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Say to her, “My dear, my dear,
It is not so dreadful here.”
 –  Edna St. Vincent Millay, “Prayer to Persephone”

Every year it’s the same; by the time August rolls around Mother has become so overbearing I can barely stand her, so it’s a good thing that’s the start of her busy season.  By the beginning of October she always turns morose, knowing as she does that I’ll be leaving soon, and on the night before I depart she lets loose with such a lugubrious display that a stranger might be forgiven for thinking that my annual return home was something new rather than a ritual we’ve enacted countless times since my youth.  The part I hate most is the tearful goodbye when the carriage arrives; that’s so awful I once tried to sneak out before dawn so as to avoid it, but Mother carried on so unbearably about it for the next several months that Father asked me to promise never to do it again.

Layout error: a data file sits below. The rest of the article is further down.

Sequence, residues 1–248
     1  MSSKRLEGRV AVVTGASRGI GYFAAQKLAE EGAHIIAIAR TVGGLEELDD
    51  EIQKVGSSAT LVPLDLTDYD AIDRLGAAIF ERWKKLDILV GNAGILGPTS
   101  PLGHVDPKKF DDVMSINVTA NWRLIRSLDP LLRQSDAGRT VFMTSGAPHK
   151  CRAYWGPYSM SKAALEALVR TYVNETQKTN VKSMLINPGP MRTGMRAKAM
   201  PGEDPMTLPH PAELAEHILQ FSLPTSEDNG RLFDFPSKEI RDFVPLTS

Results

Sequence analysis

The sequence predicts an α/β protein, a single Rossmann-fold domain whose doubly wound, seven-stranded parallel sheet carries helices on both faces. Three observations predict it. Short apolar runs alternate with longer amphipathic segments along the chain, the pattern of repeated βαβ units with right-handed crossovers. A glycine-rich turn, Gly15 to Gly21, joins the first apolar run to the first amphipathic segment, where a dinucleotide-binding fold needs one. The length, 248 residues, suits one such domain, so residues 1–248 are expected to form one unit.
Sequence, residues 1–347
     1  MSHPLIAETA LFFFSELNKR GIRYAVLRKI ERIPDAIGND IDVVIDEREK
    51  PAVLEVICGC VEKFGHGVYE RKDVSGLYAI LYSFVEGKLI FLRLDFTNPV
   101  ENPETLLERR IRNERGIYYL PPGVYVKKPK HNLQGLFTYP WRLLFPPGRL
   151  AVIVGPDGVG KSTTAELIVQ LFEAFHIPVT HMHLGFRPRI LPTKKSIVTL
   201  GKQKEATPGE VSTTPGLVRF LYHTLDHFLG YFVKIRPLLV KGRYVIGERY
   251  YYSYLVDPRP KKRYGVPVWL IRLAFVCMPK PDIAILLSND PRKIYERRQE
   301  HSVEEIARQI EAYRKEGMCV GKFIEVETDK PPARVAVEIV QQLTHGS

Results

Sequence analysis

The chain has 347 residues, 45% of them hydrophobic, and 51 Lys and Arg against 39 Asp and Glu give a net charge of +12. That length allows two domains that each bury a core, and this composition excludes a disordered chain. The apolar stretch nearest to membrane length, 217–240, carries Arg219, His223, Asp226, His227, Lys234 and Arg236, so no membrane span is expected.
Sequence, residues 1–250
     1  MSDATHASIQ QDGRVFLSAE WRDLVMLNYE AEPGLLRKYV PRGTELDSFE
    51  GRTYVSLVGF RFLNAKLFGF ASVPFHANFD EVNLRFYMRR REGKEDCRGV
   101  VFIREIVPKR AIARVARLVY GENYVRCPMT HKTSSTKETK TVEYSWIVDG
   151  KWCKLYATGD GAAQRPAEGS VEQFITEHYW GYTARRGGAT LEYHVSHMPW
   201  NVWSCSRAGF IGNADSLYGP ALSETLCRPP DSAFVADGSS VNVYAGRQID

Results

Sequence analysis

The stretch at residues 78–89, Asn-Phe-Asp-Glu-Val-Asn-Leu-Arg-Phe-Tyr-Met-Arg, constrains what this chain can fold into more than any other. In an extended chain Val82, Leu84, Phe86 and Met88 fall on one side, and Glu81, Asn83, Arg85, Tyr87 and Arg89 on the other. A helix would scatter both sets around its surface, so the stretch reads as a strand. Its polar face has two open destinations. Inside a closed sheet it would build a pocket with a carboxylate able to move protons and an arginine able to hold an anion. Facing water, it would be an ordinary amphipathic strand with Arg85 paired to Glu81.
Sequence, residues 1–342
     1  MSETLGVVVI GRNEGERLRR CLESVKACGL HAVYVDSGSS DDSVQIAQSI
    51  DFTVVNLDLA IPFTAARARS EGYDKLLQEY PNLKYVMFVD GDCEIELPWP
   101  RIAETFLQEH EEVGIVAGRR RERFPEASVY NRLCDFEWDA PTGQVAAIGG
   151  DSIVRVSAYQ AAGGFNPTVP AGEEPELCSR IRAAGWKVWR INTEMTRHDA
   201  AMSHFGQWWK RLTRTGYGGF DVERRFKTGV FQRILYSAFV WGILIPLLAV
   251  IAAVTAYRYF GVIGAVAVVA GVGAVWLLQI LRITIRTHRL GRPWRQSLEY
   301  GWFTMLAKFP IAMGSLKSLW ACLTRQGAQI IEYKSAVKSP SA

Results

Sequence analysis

asphodelAt least it’s mercifully short; for all her drama she knows better than to break our pact by excessive delay, and before long we’re past the lake and through the tunnel, and I can really relax for the first time in months.  I nearly always sleep through most of the journey; the pomegranate wine my thoughtful husband always sends along acts as a balm to my frayed nerves, and the gentle rocking of the carriage on the dark, cool, quiet road lulls me into the blessed rest I get so little of in my Mother’s bright, noisy house (where it’s impossible to sleep past dawn).  But after we come down onto the plains the road becomes rougher and the number of stops more frequent, and I remain wakeful the rest of the way home.  The sight of endless fields of asphodel brings peace to my soul, and when at last we reach the river I get out and sit beneath the willows to wait for the ferry.

Sometimes the wait is short, and sometimes long; even my driver, who has made the journey more than anyone else, is unable to predict so as to plan his trip accordingly.  Depending on my mood I’ll read or play solitaire, and if time permits I’ll have the driver go among those on the riverbank who lack the proper fare, and distribute it to them from my own purse.  Sometimes I even speak to the others waiting at the landing, especially if there is some notable thinker or entertainer among their number; on occasion I’ve even invited an especially-interesting person to ride the rest of the way with me, but the offer is rarely accepted.  It seems very few wish to arrive at my house any more quickly than absolutely necessary, and though I certainly understand that it still makes me sad.